Increased range of motion after static stretching is not due to changes in muscle and tendon structures



      It is known that static stretching is an appropriate means of increasing the range of motion, but information in the literature about the mechanical adaptation of the muscle–tendon unit is scarce. Therefore, the purpose of this study was to investigate the influence of a six-week static stretching training program on the structural and functional parameters of the human gastrocnemius medialis muscle and the Achilles tendon.


      A total of 49 volunteers were randomly assigned into static stretching and control groups. Before and following the stretching intervention, we determined the maximum dorsiflexion range of motion with the corresponding fascicle length and pennation angle. Passive resistive torque and maximum voluntary contraction were measured with a dynamometer. Muscle–tendon junction displacement allowed us to determine the length changes in tendon and muscle, and hence to calculate stiffness. Fascicle length, pennation angle, and muscle tendon junction displacement were measured with ultrasound.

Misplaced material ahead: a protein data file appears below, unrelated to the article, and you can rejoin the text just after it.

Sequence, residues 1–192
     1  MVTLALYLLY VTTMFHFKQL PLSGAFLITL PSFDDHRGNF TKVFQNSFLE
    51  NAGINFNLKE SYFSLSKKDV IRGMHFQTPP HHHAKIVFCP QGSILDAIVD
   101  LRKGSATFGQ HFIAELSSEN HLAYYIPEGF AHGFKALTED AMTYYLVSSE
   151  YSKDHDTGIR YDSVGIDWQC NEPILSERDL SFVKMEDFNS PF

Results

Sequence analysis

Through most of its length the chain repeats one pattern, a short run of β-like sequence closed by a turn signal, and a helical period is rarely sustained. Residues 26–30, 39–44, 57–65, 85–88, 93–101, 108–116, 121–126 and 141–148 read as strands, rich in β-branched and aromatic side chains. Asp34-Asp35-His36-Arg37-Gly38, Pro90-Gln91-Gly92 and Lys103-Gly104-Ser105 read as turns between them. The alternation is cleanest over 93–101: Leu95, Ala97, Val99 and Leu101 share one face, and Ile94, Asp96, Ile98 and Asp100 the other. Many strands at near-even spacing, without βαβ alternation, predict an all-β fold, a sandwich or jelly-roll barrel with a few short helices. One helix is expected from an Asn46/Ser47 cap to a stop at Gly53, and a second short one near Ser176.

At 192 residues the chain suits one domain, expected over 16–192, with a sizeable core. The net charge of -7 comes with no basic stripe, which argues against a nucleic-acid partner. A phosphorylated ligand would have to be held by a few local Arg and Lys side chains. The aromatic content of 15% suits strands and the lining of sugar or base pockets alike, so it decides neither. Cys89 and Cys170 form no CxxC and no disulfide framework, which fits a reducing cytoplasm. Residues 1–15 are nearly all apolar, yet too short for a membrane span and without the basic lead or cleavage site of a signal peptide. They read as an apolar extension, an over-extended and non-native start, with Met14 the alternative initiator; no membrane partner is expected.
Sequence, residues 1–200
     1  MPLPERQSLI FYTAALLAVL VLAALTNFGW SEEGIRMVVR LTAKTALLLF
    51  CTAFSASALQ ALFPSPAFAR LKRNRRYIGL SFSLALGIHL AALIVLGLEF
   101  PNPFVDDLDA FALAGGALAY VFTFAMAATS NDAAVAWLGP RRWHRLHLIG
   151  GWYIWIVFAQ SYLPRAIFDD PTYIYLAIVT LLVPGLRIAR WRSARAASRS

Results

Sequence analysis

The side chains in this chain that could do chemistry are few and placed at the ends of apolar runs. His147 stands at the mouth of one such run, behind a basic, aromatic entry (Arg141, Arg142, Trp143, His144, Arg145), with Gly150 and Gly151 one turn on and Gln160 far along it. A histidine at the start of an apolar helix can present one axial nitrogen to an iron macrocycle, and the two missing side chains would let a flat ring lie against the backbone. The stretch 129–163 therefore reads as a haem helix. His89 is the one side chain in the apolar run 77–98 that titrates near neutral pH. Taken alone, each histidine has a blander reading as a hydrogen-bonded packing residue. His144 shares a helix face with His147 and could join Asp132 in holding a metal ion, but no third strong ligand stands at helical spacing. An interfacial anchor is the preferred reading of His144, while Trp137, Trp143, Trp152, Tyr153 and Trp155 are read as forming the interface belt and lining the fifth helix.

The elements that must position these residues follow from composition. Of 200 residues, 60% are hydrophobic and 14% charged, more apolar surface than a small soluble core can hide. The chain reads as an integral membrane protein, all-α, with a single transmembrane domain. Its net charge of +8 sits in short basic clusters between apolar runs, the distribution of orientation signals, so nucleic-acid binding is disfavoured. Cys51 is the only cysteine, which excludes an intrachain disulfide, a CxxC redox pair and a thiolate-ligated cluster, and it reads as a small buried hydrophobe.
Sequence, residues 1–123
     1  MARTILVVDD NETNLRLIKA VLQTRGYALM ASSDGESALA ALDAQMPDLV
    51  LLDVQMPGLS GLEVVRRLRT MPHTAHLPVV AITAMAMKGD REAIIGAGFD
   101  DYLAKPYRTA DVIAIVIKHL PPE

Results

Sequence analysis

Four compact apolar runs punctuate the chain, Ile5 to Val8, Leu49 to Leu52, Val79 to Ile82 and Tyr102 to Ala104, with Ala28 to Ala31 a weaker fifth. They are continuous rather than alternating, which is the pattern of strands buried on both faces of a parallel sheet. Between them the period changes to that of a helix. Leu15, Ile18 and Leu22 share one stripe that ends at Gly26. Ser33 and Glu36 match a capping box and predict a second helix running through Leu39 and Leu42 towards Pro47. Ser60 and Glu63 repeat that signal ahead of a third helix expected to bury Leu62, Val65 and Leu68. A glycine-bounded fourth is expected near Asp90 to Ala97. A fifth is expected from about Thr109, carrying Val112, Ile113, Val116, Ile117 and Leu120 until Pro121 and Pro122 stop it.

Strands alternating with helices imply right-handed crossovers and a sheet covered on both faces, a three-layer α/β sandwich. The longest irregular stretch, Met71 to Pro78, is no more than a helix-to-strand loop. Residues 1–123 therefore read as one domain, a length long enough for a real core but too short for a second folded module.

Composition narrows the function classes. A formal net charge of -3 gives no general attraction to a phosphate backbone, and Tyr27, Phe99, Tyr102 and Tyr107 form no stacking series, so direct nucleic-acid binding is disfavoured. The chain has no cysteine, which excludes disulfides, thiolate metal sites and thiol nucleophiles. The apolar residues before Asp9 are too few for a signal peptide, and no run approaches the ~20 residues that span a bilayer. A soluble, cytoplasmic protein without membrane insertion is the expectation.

Mean range of motion increased significantly from 30.9 (5.3) to 36.3 (6.1) in the intervention group, but other functional (passive resistive torque, maximum voluntary contraction) and structural (fascicle length, pennation angle, muscle stiffness, tendon stiffness) parameters were unaltered.


      The increased range of motion could not be explained by the structural changes in the muscle–tendon unit, and was likely due to increased stretch tolerance possibly due to adaptations of nociceptive nerve endings.


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